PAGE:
Wednesday, February 10, 2010


Tough? That's what The NZ Herald headline says.


OK. Let me read this from the viewpoint of a beneficiary.

I'm on the DPB but my kids are only aged 2 and 3. So this isn't going to affect me for four years yet. And even then, the change is being phased in over several years. So that might push it out for another 2 or 3. Mr Key was talking about what getting 5 percent of parents with children aged 6 or older would save the country, so obviously their expectations that I am going to go to work aren't that high. And even if they do tell me I have to do something in 2017 say, it's only 15 hours a week. 3 hours a day. I can do some sort of course at home while I ease my way back into the workforce. Anyway, might have another kid by then, in which case none of this matters.

I'm a 16 year-old girl who has grown up on welfare but I really want my own space, I really want to get away from my pain in the arse mother. If I got pregnant, like Mum did, it wouldn't really matter. I can still get the DPB (and a place of my own) for six years at least. That's an age. Oh, and I can fast-track it all by getting on the sickness benefit first.

I'm on a sickness benefit because I have alcohol-related depression. What does all this mean? I have to jump through some more hoops? Big deal. They've already been making me do that anyway. I've already been signed off by that 'designated doctor' WINZ sent me to.

Nobody should be under any illusion that National is getting tough on welfare. They should be red-faced over these window-dressing gestures. Really. It's nothing more than 'been there, done that'.

(Rider; Not all beneficiaries think like this. But those who do not, are not the problem.)


Sinner said...

he number of people receiving a Sickness or Invalids Benefit in particular has been allowed to grow out of control in recent times. Without any fundamental changes, this number is expected to keep growing over the longer term, by perhaps 50 percent over the next 15 years.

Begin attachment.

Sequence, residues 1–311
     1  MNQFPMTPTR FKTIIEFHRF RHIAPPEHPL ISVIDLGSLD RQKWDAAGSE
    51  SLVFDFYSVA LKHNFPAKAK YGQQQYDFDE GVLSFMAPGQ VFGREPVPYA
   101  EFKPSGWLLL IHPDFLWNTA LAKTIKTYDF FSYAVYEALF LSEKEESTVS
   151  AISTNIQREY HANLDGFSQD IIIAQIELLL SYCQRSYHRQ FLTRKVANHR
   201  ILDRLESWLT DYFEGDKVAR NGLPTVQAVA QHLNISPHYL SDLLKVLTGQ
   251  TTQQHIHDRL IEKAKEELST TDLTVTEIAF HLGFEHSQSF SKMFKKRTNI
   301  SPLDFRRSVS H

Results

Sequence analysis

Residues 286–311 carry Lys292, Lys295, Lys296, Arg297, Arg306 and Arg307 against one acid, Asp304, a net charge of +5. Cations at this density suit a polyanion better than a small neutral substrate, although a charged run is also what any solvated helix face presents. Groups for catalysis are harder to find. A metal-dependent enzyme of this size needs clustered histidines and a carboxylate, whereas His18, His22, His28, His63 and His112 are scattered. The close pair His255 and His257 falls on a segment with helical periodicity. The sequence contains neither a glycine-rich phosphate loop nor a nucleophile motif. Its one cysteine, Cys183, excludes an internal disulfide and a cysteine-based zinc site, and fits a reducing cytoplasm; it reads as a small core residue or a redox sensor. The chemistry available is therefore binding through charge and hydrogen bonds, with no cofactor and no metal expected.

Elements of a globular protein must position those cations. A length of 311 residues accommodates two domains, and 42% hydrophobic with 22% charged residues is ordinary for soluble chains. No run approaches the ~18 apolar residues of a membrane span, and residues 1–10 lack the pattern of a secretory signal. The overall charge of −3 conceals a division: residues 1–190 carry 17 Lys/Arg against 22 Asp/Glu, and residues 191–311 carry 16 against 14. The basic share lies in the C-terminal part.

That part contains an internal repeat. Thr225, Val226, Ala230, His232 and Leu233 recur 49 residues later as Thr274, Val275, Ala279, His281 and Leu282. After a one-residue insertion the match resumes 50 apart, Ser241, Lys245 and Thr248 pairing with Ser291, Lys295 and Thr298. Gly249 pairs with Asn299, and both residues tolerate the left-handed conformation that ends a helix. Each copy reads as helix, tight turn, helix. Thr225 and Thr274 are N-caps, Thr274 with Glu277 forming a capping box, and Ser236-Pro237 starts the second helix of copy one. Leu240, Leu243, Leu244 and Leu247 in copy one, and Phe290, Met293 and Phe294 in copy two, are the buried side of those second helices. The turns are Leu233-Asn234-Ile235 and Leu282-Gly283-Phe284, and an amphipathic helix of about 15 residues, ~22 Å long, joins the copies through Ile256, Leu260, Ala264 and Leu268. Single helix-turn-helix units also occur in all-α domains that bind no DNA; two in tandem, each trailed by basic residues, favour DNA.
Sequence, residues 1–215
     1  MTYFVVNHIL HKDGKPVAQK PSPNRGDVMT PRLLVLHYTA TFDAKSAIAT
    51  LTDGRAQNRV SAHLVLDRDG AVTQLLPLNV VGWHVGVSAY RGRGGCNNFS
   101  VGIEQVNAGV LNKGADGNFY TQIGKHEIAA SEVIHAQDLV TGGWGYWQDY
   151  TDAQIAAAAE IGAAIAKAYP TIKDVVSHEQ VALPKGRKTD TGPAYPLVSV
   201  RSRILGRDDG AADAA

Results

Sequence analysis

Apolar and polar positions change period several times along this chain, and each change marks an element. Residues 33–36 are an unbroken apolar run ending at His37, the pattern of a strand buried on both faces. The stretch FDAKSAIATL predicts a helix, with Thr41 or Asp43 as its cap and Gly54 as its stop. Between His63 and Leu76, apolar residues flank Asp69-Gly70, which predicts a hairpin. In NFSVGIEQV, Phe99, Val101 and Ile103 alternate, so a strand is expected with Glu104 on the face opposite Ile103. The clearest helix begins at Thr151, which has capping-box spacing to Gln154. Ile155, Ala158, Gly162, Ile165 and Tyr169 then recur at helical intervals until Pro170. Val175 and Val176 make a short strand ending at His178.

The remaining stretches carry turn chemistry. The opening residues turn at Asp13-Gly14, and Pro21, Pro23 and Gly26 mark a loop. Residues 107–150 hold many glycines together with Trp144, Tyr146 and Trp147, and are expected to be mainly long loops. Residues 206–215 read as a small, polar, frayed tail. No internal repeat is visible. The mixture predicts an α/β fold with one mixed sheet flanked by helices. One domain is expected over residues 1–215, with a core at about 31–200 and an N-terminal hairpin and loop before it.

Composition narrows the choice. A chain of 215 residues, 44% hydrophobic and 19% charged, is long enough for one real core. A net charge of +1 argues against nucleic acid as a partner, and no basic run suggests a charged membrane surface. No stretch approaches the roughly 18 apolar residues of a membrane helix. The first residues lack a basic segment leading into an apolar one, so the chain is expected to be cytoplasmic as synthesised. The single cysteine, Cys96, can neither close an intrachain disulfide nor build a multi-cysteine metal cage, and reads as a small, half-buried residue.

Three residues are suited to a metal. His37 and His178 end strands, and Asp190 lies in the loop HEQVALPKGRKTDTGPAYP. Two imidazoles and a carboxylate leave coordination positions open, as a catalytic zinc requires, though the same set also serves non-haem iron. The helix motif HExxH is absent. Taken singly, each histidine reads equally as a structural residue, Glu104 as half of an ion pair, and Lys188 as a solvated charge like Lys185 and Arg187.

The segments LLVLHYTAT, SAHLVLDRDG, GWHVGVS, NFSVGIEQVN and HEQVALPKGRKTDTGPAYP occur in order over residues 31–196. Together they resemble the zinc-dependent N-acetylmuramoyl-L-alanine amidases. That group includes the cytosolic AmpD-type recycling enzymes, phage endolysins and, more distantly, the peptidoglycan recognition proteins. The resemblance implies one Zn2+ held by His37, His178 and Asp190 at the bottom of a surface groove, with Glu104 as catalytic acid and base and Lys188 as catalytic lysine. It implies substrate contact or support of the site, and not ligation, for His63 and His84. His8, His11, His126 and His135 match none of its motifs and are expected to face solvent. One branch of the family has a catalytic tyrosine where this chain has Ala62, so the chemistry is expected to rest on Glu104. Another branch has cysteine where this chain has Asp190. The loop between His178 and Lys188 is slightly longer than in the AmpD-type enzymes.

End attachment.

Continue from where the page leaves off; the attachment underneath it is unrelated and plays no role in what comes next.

Key can't do maths. With a 16% increase this year,
A 50% increase takes 3 years, not 15!

Accordingly, this year the Government will appoint a working group of experts to recommend ways in which we can reduce long-term welfare dependency and thereby reduce the welfare bill future generations will face.

We will know very simply if he is serious - if Lindsay is on the task-force. Or me :-)

As it is: there is only one sustainable solution to controlling welfare dependency - remove welfare.
And only one practical way to do that: simply cancel the lot.

Anonymous said...

Its never going to change. Not here. Ever.

Anonymous said...

Its never going to change. Not here. Ever.

Yes it is - just not in the way you'd like.

NZ is barely above the level of countries like Iceland, Ireland, and Greece. We cannot pay our own way with exports, so we're borrowing money overseas like mad.

The issue of the banks being Aussie-owned is neither here nor there: the Aussie govt isn't going to bail us out or support their banks to bail us out.

Sooner - especially at the One Billion Unpayable Per Month we're adding on to the debt mountain - we'll be out of money. They Kiwi will collapse down to 10c US or even less. We won't be able to pay our loans. The Government, the NZ corporate sector and NZ households will all be effectively bankrupt.

Then things will change!

We have a choice: stop welfare, education, healthcare and all the rest of the stuff we already can't afford - stop it, now, fast, and keep the taxes up until we've paid off the debt and there's enough in the govt coffers to cover those debts -

or sooner, rather than later, watch as we follow Iceland and Argentina.

Anonymous said...

Oh right, stop welfare, education and healthcare. What superb logic. You're not by any chance a libertarian are you?